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10 Facts About Capital Gains Taxes

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  • 10 Facts About Capital Gains Taxes

    The government has increased the capital gains rate from 15% to 20% for most people. Special types of net capital gain can be taxed at a higher rate.

    It is important to understand what a capital asset is and how they could affect your tax situation.

    The Barron's Dictionary defines a capital asset as "a long-term asset, or asset with a life exceeding one year, that is not bought or sold in the normal course of business".

    To clarify what capital gains are we will discuss the following 10 facts.

    1. Many of the things you own and use for personal or business or investment purposes, including houses, cars, trucks, or boats are capital assets. Items that you consume are not capital assets. Generally, most things that you buy for personal use are worth less when you sell them than when you bought them so you do not need to worry about the taxes.

    2. You have a capital gain or capital loss if you sell a capital asset for more or less than the amount you paid for that asset. The difference is a capital gain or loss.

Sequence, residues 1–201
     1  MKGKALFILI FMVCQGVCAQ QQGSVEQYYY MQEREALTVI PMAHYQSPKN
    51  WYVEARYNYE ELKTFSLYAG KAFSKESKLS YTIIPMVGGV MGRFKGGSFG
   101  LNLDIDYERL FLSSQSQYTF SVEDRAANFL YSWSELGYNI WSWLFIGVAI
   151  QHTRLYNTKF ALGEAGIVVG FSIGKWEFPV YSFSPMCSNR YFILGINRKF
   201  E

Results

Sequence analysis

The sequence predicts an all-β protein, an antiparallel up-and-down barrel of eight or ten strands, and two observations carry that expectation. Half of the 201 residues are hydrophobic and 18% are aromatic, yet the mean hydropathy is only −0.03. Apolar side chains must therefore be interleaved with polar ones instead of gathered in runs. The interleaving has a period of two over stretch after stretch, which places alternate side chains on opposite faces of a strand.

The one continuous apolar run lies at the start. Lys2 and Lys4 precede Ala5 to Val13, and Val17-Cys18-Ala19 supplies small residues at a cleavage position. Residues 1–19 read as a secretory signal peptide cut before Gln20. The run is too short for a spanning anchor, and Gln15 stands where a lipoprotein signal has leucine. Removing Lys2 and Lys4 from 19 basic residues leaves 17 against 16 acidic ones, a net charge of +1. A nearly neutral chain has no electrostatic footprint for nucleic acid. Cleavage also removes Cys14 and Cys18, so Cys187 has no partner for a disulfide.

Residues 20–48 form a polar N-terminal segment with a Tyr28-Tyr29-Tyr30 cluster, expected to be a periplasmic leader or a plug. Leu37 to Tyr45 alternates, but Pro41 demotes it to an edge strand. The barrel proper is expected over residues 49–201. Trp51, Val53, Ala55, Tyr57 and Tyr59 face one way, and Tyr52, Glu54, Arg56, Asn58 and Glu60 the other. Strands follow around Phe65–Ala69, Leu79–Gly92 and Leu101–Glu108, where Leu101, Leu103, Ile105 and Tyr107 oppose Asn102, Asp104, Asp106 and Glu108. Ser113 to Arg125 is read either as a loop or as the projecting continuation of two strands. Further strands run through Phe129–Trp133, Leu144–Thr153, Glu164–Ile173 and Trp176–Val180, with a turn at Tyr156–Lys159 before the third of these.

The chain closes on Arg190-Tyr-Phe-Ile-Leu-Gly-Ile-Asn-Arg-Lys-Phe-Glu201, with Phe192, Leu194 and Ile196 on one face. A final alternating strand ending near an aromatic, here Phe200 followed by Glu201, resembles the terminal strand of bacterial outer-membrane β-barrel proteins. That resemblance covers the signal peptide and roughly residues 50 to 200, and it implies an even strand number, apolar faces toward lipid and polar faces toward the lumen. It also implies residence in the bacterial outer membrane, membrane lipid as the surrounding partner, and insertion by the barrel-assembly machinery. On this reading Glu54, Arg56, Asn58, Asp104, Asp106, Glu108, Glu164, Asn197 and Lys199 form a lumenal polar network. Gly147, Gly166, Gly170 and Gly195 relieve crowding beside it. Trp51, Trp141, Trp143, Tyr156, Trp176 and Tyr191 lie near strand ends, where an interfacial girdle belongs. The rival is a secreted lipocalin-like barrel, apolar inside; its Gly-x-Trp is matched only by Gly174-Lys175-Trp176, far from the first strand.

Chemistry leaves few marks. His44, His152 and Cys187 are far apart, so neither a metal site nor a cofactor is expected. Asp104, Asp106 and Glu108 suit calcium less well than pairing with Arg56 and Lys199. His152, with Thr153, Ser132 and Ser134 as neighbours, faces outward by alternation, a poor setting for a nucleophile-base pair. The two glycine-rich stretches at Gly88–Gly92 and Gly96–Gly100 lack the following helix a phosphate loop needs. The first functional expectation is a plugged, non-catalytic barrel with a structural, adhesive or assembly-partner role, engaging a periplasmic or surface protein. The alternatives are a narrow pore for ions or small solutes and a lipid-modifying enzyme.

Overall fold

3. According to the IRS you must report all capital gains whether it is business or personal. This does not mean that you have to report the amount of money you got when you sold a bicycle or home furniture (unless it is in the antique category).

    4. You may deduct capital losses only on investment or business property, and not on property held for personal use. It seems a bit lopsided to have to pay taxes on all gains but not be able to take the loss. But, who said the IRS was fair.

    5. When you sell a capital asset and make a profit then you have to pay taxes on the profit. The tax rate depends on whether you had the asset for less than one year or more than one year. If you had the asset for less than one year the tax rate is "short term" and if you owned it for more than one year it is "long-term" (lower tax rate). There are always some exceptions.

    6. Subtract your long-term losses from your long-term gains and you owe taxes on the difference if you made more money than you lost.

    7. The tax rate for short term capital gains is more than the tax rate for long term capital gains. The tax rate for long-term capital gains went up in 2010 from 15% to 20% for most people. Some tax rates are higher. Short-term tax rates are at the individual tax rate.

    8. When your capital losses exceed your capital gains you can take a deduction of up to $1,500 or ($3,000 married filing jointly).

    9. If your losses are more than you are allowed to deduct in that year than you can carry the losses forward (meaning that you can deduct your allowed amount each year until all of the losses have been deducted). With the downturn in the economy many people lost a lot of money. It seems that it will take years before they will be able to deduct all their losses.

    10. To report capital gains or losses use the tax form, Schedule D, then the final number is put on your tax form 1040.
    Each year the IRS changes hundreds of things in the tax code. It is one of those things that you have to keep on your toes about. We try to keep up with the changes that will affect our audience.

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